We’re always looking to share evidence in ways that are quick and accessible, shareable and sometimes fun! Christmas is the season to be jolly and we take that to mean we can do something a bit daft, with the very serious aim of getting our evidence to lots of people, including some who have never heard of Cochrane or perhaps just haven’t engaged with us. We know that research can be boring, buried (it’s out there but where to look?) or just plain baffling, but it doesn’t have to be.
Two years ago, we did our first Advent calendar, daily posts linking Christmas pictures to related Cochrane reviews (who knew we had evidence about gold, myrrh and mistletoe?). Last year’s offering was more of a selection box, with items including a video of a pantomime cast sharing Cochrane evidence about the common cold and some Lego films made by Holly and her kid brother. We were encouraged by the positive comments and know we reached people who were new to us, so we thought we should do it again, and this time all in Lego films. So here is:
The Making of Evidently Advent 2015
Back in July, Holly stole all of her brother’s Lego (our need was greater) and brought it into the office. Very Important Meetings had to happen in smaller rooms while we took over the big room.
We decided to make a family and tell the story of their health, their decisions all helped by Cochrane Reviews are systematic reviews. In systematic reviews we search for and summarize studies that answer a specific research question (e.g. is paracetamol effective and safe for treating back pain?). The studies are identified, assessed, and summarized by using a systematic and predefined approach. They inform recommendations for healthcare and research. of course! Here are some of the family (some were in hospital, so unavailable…)
We had to have some PlayDoh too to make extra props, and some sticky tack to help position the figures (well it’s not Pixar…)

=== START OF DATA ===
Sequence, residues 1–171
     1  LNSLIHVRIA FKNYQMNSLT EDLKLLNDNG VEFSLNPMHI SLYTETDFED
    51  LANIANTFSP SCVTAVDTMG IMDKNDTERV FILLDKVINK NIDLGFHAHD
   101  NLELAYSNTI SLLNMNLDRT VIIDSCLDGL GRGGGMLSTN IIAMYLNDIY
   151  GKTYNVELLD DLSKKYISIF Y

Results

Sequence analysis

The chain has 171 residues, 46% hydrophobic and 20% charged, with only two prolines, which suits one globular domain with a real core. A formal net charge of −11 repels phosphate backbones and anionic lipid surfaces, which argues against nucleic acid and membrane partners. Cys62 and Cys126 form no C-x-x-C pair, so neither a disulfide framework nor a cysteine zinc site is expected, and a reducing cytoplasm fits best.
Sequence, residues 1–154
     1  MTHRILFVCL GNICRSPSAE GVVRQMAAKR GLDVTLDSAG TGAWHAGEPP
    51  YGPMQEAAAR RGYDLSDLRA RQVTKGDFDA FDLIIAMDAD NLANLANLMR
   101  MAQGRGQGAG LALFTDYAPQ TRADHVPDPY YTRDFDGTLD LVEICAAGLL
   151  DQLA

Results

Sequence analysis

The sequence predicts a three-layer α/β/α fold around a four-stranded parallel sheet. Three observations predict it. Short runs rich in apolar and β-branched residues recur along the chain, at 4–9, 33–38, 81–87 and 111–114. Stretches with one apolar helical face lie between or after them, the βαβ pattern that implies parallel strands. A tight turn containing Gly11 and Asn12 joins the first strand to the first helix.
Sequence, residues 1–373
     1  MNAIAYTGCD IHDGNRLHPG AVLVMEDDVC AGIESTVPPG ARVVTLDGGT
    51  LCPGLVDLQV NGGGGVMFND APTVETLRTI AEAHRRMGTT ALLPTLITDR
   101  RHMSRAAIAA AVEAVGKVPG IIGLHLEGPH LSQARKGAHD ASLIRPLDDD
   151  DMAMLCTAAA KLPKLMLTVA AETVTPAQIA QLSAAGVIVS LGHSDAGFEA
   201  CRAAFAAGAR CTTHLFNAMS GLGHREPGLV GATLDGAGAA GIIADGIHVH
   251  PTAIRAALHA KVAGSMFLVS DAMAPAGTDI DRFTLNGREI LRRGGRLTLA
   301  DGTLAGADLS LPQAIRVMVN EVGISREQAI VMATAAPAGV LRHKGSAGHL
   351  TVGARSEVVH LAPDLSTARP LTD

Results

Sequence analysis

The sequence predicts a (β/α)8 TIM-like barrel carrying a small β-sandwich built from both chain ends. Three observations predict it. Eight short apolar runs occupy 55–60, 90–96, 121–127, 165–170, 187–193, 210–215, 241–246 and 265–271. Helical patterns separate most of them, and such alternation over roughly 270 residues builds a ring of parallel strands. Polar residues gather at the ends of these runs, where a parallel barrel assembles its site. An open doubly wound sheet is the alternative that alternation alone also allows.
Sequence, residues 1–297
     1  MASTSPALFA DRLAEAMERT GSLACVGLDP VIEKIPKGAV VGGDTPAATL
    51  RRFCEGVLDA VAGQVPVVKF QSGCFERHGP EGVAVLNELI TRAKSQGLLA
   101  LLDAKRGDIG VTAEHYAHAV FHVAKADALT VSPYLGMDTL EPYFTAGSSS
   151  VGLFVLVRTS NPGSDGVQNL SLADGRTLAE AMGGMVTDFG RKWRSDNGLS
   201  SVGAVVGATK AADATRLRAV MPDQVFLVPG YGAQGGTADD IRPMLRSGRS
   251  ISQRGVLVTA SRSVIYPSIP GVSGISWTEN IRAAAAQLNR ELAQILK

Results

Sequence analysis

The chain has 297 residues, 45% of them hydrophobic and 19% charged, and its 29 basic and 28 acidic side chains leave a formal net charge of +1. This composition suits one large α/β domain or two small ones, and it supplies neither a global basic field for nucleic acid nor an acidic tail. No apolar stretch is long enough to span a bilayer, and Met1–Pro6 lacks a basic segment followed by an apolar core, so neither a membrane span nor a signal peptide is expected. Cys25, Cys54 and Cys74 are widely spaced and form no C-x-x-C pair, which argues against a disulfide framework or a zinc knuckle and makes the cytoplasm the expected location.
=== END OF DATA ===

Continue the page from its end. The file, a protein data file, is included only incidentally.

We chose reviews that were on common health problems and that we thought we could illustrate through Lego
Knowing whether the evidence is reliable is really important, so we decided we would include Santa holding a traffic light indicator, showing that the The certainty (or quality) of evidence is the extent to which we can be confident that what the research tells us about a particular treatment effect is likely to be accurate. Concerns about factors such as bias can reduce the certainty of the evidence. Evidence may be of high certainty; moderate certainty; low certainty or very-low certainty. Cochrane has adopted the GRADE approach (Grading of Recommendations Assessment, Development and Evaluation) for assessing certainty (or quality) of evidence. Find out more here: https://training.cochrane.org/grade-approach was high (green), moderate (yellow) or low (red).
It wasn’t all plain sailing. It took way, WAY longer than we expected.
After two days we’d made 12 films instead of the 24 we’d planned, and when we looked at the 12, we had to throw some out as they didn’t really work.
But we hope you will enjoy our very short, very homespun but very heartfelt attempt to share evidence with you in a fun way in the 6 days of Christmas (it’s a new thing…), each weekday from 16th December. Look out for #EvidentlyAdvent.
Before that, we’ve got blogs on the next two Fridays, including one using Lego to help explain evidence on the accuracy of a questionnaire used to screen people for dementia. We think this is a brilliant way to show the results and our thanks go to one of the review authors, Dr Terry Quinn, for suggesting it and helping us do it!
Look out for our blogshots on Twitter announcing each day’s post @ukcochranecentr #EvidentlyAdvent
Making evidence fun: it’s Evidently Advent! by Sarah Chapman is licensed under a Creative Commons Attribution-NoDerivatives 4.0 International License.
Based on a work at https://www.evidentlycochrane.net/making-evidence-fun-its-evidently-advent/.